## Four Gallons From Two Buckets

You have two buckets. One holds exactly five gallons and the other three gallons. How can you measure exactly four gallons of water into the five gallon bucket?

Assume you have an unlimited supply of water and that there are no measurement markings of any kind on the buckets.

- Fill the 3-gallon bucket.
- Pour the 3 gallons of water into the 5-gallon bucket
- Fill the 3-gallon bucket again.
- Fill up the 5-gallon bucket with the 3-gallon bucket, leaving you with 1 gallon left in the 3-gallon bucket.
- Empty out the 5-gallon bucket.
- Pour the remaining 1 gallon of water from the 3-gallon bucket into the 5-gallon bucket.
- Fill the 3-gallon bucket.
- Pour the 3 gallons of water from the 3-gallon bucket into the 5-gallon bucket leaving you with 4 gallons of water in the 5-gallon bucket.

Alternate solution:

- Fill up the 5 gallon bucket
- Pour it into 3 gallon bucket, leaving 2 gallons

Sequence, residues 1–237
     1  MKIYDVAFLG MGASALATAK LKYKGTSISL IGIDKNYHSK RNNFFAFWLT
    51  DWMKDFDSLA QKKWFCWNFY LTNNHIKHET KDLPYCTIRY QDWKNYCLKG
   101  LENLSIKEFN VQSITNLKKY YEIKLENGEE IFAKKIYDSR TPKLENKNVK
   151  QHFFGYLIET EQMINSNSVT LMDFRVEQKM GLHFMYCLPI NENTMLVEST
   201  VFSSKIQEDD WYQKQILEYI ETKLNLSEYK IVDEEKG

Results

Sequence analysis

- Empty out the 3 gallon bucket
- Pour the 2 gallons in the 5 gallon bucket into the 3 gallon bucket
- Fill up the 5 gallon bucket and pour it into the 3 gallon bucket until it’s full, leaving 4 gallons in the 5 gallon bucket.

Posted in Brain Teasers

29 Comments on "Four Gallons From Two Buckets"John Cena says

May 8, 2016 @ 09:02

Yo, Everyone,

What the hell is wrong with you?

How are any of your answers possible, *REMINDER* there are two buckets, one is able to hold 5 gallons and one is able to hold 3 gallons.

Even though it is possible to fill a 5 gallon bucket with 4 gallons of water, it is impossible to fill a 3 gallon bucket with 4 gallons, because all the water will fall out.

Your welcome for my smartness

JOHN CENA

Mike B. says

May 10, 2016 @ 00:13

I love the creativity of these solutions, however:

1) The “halfway technique”: Funny, I first heard this problem on Die Hard 3, and then later in remedial algebra my freshman year of high school. I solved it one of the correct ways then (method 1 of “the answer”) without the inherent imprecision of Steven Roth’s method. I guess the implications of bombs blowing up really helps to solidify the seriousness of precision versus accuracy.